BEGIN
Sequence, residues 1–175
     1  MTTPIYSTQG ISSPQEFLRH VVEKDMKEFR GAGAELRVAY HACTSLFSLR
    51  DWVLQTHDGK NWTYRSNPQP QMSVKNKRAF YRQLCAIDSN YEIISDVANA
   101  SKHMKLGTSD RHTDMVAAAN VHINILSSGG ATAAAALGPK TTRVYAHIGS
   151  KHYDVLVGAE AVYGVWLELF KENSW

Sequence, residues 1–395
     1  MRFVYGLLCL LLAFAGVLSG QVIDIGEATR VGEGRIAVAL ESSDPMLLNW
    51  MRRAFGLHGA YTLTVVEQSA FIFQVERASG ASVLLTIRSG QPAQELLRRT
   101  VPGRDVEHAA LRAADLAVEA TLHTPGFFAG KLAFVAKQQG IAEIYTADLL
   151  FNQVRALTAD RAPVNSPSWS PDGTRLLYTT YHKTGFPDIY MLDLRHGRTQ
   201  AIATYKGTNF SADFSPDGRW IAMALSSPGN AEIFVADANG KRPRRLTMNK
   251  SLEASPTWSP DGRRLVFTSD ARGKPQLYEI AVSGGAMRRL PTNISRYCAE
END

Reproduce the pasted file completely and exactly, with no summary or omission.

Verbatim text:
Sequence, residues 1–175
     1  MTTPIYSTQG ISSPQEFLRH VVEKDMKEFR GAGAELRVAY HACTSLFSLR
    51  DWVLQTHDGK NWTYRSNPQP QMSVKNKRAF YRQLCAIDSN YEIISDVANA
   101  SKHMKLGTSD RHTDMVAAAN VHINILSSGG ATAAAALGPK TTRVYAHIGS
   151  KHYDVLVGAE AVYGVWLELF KENSW

Sequence, residues 1–395
     1  MRFVYGLLCL LLAFAGVLSG QVIDIGEATR VGEGRIAVAL ESSDPMLLNW
    51  MRRAFGLHGA YTLTVVEQSA FIFQVERASG ASVLLTIRSG QPAQELLRRT
   101  VPGRDVEHAA LRAADLAVEA TLHTPGFFAG KLAFVAKQQG IAEIYTADLL
   151  FNQVRALTAD RAPVNSPSWS PDGTRLLYTT YHKTGFPDIY MLDLRHGRTQ
   201  AIATYKGTNF SADFSPDGRW IAMALSSPGN AEIFVADANG KRPRRLTMNK
   251  SLEASPTWSP DGRRLVFTSD ARGKPQLYEI AVSGGAMRRL PTNISRYCAE